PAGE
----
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I am running a big enterprise application in a Glassfish V2.1 6-instances cluster configuration (SLES 10 SP4, 64 bits Suse Linux machine with 19Gb of RAM) and the DAS machine server.log is showing some "java.lang.OutOfMemoryError: Java heap space" errors. The heap usage report from DAS' jvm.log shows:

Heap
 PSYoungGen      total 103488K, used 99840K [0x00002aab237c0000, 0x00002aab2a270000, 0x00002aab4e260000)
  eden space 99840K, 100% used [0x00002aab237c0000,0x00002aab29940000,0x00002aab29940000)
  from space 3648K, 0% used [0x00002aab29940000,0x00002aab29940000,0x00002aab29cd0000)
  to   space 4672K, 0% used [0x00002aab29de0000,0x00002aab29de0000,0x00002aab2a270000)
 PSOldGen        total 1398144K, used 1398143K [0x00002aaace260000, 0x00002aab237c0000, 0x00002aab237c0000)
  object space 1398144K, 99% used [0x00002aaace260000,0x00002aab237bfe70,0x00002aab237c0000)
 PSPermGen       total 107200K, used 106931K [0x00002aaaae260000, 0x00002aaab4b10000, 0x00002aaace260000)
  object space 107200K, 99% used [0x00002aaaae260000,0x00002aaab4accd98,0x00002aaab4b10000)

From the above we get total heap space of 1.6Gb (103488 + 1398144 + 107200 = 1608832 ~ 1.6Gb) even though the maximum allowed heap space is set to 2Gb (-XX:MaxPermSize=512m -Xmx2048m). My question is then: why isn't the JVM increasing the heap size before outputting OOM errors? How can we interpret the above heap report? I ran MAT tool on a binary heap file and got 2 leak suspects:

Problem suspect #1

One instance of "com.sun.jmx.mbeanserver.JmxMBeanServer" loaded by "<system class loader>" occupies 522,351,680 (34.12%) bytes. The instance is referenced by org.jvnet.glassfish.comms.admin.management.extensions.config.OverloadProtectionServiceConfigImpl @ 0x2aaacfe74ed0 , loaded by "com.sun.appserv.server.util.ASURLClassLoader @ 0x2aaace7fc630". The memory is accumulated in one instance of "java.util.HashMap$Entry[]" loaded by "<system class loader>".

Keywords
java.util.HashMap$Entry[]
com.sun.appserv.server.util.ASURLClassLoader @ 0x2aaace7fc630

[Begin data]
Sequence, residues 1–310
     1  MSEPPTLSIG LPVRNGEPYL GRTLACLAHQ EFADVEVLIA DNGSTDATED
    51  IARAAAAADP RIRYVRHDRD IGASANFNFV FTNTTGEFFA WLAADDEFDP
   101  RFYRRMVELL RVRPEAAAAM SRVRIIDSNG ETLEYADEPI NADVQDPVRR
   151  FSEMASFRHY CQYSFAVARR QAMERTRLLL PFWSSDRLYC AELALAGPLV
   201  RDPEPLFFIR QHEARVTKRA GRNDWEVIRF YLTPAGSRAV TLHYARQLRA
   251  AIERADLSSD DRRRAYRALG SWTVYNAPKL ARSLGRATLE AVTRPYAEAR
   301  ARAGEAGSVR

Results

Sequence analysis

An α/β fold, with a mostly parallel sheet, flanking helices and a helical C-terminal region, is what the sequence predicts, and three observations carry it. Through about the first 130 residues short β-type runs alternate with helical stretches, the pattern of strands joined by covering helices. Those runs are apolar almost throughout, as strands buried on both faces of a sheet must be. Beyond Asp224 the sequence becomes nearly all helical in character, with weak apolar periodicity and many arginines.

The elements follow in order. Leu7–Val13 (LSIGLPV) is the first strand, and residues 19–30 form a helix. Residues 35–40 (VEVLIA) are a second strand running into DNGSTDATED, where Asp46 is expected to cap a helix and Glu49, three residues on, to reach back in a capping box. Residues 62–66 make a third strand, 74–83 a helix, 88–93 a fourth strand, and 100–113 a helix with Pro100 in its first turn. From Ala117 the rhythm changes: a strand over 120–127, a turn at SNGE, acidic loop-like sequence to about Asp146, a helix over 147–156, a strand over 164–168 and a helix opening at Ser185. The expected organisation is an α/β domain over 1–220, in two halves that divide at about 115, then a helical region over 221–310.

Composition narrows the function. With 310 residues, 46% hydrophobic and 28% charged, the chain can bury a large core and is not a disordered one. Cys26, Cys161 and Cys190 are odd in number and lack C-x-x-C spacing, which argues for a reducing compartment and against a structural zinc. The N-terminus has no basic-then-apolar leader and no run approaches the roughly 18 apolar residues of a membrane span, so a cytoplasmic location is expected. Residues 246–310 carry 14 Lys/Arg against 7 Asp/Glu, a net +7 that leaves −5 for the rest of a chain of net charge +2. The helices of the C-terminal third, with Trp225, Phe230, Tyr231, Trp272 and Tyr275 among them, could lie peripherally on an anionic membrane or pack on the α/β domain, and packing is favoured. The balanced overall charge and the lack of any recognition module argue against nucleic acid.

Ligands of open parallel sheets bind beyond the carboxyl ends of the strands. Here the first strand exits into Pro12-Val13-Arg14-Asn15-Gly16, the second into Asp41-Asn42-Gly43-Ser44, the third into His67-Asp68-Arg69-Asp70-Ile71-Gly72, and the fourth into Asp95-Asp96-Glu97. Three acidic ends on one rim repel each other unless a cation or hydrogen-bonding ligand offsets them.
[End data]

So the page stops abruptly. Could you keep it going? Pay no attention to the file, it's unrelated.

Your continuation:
com.sun.jmx.mbeanserver.JmxMBeanServer

Problem suspect #2

140,421 instances of "net.jxta.impl.endpoint.tcp.TcpMessenger", loaded by "com.sun.appserv.server.util.ASURLClassLoader @ 0x2aaace7fc630" occupy 735,809,464 (48.07%) bytes. These instances are referenced from one instance of "java.util.TimerTask[]", loaded by "<system class loader>"

Keywords
java.util.TimerTask[]
com.sun.appserv.server.util.ASURLClassLoader @ 0x2aaace7fc630
net.jxta.impl.endpoint.tcp.TcpMessenger

Unfortunately the error occurred a few weeks ago and the machine has been restarted since so I may have lost some contextual info. I am looking for hints or explanations and try to prevent those errors. Thanks in advance for any help.

cheers

/Sam

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Where is the actual OOM error? It looks more like you ran out of permgen than heap mem. –  Preston Mar 17 '12 at 1:08

1 Answer 1

My question is then: why isn't the JVM increasing the heap size before outputting OOM errors?

With the JVM-options you've set (-Xmx2048m) the max heap space would be 2G, thats right, but you didn' set the inital heap space option -Xms1024.
This option would tell the JVM to provide the server initially with 1024MB heap space instead of increasing it slowly when its needed.

This could prevent you from getting OOM erros because sometimes the JVM does not notice some memory changes because of the GC.

Have a look at this to tune up your application server.

Regarding your MemLeaks:
It's hard to tell if those are real memory leaks or just some server classes.
To check this you could trigger a memory dump and analyze it wit e.g. MemoryAnalyser

Hope this helps, have Fun!

share|improve this answer
    
I took note and this initial heap size parameter (-Xms) should definitely be set (to max heap size value IMHO). The comment you made: "because sometimes the JVM does not notice some memory changes because of the GC" worries me though. Do you have some specific bug reference I could look into? I also noticed that the GC and heap-related JVM options have been set and tuned for the cluster instances but only partially on the server (DAS) configuration. Thanks for your insightful response. –  Sam Carter Mar 19 '12 at 17:34
    
Your right, the -Xms value should be set to the -Xmx value. Sorry, for now I don't have any references at hand (just a bug-tracker about GC not executing after multiple redeploy) but I can recommend this and this article about tuning especially the garbage colection. They helped me solving this in my environment! Cheers! –  SimonSez Mar 19 '12 at 18:49

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